Gee wiz…just what are the kids learning in school? Seems that nothing of importance is being taught anymore!
A new bill in Congress seeks to improve geography literacy in U.S. public schools. The Teaching Geography is Fundamental Act would provide authority for the Department of Education to make grants to schools that want to improve their geography curricula, teacher training, and instructional materials.
U.S. Senator Thad Cochran, who introduced the bill last week, says more federal support is needed to provide students with a better understanding of the world as it exists today. “Americans are less and less able to pinpoint where different countries are located and what their interests are,” he says.
This kind of information is important, Cochran asserts, perhaps now more than ever. “In this global economy and the fact that we’re in this global war on terror,” he says, “it just occurs to me that we need to encourage the teaching of geography so people are more familiar with what the world is like and what people of different countries’ attitudes are.”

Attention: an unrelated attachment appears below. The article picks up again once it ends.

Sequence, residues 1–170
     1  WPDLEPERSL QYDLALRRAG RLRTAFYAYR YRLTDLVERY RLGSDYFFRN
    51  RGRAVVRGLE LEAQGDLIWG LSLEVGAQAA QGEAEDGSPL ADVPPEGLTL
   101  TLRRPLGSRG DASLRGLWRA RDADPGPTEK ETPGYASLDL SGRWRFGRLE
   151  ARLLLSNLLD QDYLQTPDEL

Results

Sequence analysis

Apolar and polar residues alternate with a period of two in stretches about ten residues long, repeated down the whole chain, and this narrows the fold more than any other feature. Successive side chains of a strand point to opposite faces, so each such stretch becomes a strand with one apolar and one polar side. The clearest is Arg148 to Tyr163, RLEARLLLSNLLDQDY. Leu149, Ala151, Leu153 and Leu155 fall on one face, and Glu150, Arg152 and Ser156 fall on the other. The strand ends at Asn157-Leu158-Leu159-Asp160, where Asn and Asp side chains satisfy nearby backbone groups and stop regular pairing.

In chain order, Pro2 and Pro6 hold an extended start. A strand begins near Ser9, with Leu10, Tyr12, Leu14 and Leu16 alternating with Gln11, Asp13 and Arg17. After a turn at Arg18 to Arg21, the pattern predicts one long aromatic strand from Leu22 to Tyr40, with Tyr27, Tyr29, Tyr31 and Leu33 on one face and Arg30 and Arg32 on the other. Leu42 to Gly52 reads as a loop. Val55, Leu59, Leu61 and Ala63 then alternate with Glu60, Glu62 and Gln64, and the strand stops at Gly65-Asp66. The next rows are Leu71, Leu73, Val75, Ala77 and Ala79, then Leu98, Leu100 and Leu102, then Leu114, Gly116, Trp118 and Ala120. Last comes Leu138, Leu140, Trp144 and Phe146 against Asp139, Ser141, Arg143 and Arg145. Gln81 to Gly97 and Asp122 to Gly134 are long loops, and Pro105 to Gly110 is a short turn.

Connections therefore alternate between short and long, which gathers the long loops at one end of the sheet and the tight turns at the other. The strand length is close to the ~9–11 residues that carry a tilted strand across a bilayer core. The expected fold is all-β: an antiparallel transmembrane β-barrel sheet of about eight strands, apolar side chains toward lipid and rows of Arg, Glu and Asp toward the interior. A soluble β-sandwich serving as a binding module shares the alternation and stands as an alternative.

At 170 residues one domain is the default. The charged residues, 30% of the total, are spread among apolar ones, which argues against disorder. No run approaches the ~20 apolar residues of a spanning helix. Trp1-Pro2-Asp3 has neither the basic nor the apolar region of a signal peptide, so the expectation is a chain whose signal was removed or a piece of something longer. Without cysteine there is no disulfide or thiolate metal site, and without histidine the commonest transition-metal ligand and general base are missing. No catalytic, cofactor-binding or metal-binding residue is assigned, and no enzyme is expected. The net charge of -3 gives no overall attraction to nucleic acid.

The Mississippi senator notes that the lack of adequate geographic knowledge is a widespread problem in America. “Only seven percent of our nation’s fourth graders are taught by teachers who have specific background in education in geography,” he says. "Even the teachers are deficient in education in this area."
Also, Cochran points out, in the U.S. “only about 25 percent of high school students have completed a geography class. So the statistics are disturbing.”
The Teaching Geography is Fundamental Act would provide $15 million in federal grant money per year for five years to a nonprofit educational organization to improve the quality of students’ understanding of the subject. Co-sponsors of the legislation include Senators Conrad Burns of Montana, Ted Stevens of Alaska, John Warner of Virginia, Daniel Akaka of Hawaii, and Christopher Dodd of Connecticut